Louisiana judge rules that disaster released a million fewer barrels of oil into the Gulf of Mexico than the US government estimated

US Coast Guard Atlantic Area/Petty Officer 2nd Class Justin Stumberg

The Deepwater Horizon oil rig disaster released millions of barrels of oil into the Gulf of Mexico

A US district court judge has ruled that BP spilled less oil into the Gulf of Mexico after the Deepwater Horizon oil rig explosion in April 2010 than the US government claimed. The judge also ruled that company was not grossly negligent in its response to the disaster. This decision likely means BP’s maximum fine falls from $18 billion (£12 billion) to $13.7 billion.

Judge Carl Barbierdetermined that the Deepwater Horizon rig explosion off the coast of Louisiana, which killed 11 workers, resulted in the release of 3.19 million barrels of oil. The figure is lower than the 4.2 million barrels quoted by the US Justice Department, but higher than BP’s estimate of 2.45 million barrels.

‘BP was not grossly negligent, reckless, wilful, or wanton in its source control planning and preparation,’ the judge ruled. ‘It has not been shown that BP’s flow rate misrepresentations delayed the capping of the well or otherwise adversely affected source control.’ He also said BP’s post blowout source control decisions and actions were not shown to be unreasonable.

Back in September, Barbier concluded that two-thirds of the blame for the disaster could be laid at BP’s door, and that the oil spill resulted from the company’s ‘gross negligence or wilful misconduct’. That finding had raised the potential penalties that the company could face under the Clean Water Act to $4300 per barrel, and it meant that BP could be charged with $18 billion in new civil penalties.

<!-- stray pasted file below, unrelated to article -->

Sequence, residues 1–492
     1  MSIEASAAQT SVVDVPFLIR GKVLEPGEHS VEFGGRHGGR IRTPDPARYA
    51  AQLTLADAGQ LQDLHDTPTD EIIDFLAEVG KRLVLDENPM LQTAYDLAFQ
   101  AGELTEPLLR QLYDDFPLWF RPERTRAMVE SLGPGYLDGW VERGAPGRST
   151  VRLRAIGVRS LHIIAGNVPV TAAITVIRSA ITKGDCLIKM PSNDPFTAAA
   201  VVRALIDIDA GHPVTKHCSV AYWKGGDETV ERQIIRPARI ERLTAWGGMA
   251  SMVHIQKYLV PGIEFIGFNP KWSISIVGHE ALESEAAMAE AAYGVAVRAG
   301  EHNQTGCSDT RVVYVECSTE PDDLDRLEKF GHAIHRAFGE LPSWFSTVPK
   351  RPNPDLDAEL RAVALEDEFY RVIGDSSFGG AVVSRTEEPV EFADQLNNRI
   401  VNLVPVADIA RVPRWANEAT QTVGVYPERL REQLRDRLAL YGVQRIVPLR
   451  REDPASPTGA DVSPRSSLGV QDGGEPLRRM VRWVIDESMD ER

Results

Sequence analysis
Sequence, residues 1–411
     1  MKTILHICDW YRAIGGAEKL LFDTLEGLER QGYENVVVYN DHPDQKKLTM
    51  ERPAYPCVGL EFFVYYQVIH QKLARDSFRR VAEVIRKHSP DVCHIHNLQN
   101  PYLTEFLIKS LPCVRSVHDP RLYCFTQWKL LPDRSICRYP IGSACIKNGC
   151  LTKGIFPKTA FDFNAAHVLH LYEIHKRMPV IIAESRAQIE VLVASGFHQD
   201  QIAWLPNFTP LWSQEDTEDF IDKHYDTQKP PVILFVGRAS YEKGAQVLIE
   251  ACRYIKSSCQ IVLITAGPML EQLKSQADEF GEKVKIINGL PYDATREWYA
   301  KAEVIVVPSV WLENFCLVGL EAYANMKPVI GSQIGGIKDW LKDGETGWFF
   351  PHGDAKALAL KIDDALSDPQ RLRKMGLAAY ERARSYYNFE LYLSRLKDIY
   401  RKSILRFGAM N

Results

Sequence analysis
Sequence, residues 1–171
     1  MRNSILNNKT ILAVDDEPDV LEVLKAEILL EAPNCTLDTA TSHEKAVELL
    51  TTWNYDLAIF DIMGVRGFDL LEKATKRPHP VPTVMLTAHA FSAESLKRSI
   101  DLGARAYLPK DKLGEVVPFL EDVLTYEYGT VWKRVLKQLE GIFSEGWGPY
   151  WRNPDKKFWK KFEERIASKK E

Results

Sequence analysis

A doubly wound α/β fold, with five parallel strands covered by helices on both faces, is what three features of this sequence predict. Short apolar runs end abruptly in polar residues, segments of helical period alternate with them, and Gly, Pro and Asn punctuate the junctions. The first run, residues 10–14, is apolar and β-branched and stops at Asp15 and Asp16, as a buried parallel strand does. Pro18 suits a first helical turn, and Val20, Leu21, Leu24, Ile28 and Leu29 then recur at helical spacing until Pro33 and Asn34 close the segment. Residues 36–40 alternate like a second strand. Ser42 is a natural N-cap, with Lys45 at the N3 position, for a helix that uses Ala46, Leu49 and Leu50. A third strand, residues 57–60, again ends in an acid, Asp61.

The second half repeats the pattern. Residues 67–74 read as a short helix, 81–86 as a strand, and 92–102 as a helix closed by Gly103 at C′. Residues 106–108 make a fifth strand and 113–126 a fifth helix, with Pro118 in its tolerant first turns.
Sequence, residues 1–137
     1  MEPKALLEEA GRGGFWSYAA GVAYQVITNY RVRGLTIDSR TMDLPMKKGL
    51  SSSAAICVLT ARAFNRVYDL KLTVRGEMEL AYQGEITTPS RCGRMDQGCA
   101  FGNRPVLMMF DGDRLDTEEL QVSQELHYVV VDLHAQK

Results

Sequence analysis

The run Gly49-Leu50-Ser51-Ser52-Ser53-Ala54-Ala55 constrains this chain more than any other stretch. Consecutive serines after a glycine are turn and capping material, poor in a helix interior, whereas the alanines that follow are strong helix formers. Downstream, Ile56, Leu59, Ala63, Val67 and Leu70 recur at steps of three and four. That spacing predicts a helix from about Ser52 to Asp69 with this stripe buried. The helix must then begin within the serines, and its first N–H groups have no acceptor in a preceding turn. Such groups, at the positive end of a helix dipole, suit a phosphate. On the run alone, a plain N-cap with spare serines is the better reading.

Limited exposure

‘The judge now has limited BP’s exposure to something that it can live with,’ says David Berg, a trial attorney in Houston, Texas tracking the case.

In response to the Barbier’s 15 January ruling, BP said it believes that considering all of the evidence and factors together ‘weighs in favour of a penalty at the lower end of the statutory range’.

The final phase of the civil trial began on 20 January when Barbier convened a hearing to determine the exact fine that BP will have to pay per barrel of oil spilled. That trial, which will not have jury, is expected to last three weeks.

‘I wouldn’t be surprised, after the evidence is developed for a few days, if the case doesn’t settle somewhere between $8 billion and $10 billion – maybe less, but not more,’ Berg tells Chemistry World

He notes that Barbier asked government representatives at the 20 January opening of the trial whether BP could pay the fine over a number of years, and that that idea was rejected. ‘That was a very telling question,’ Berg says. ‘That answer has got to have an impact on the judge, and tell the government that they had better reduce their demand.’ A settlement is now inevitable because any appeal would be ‘fruitless’, Berg adds, noting that there is no way to reverse the decision of a judge sitting alone, unless he totally disregards the law.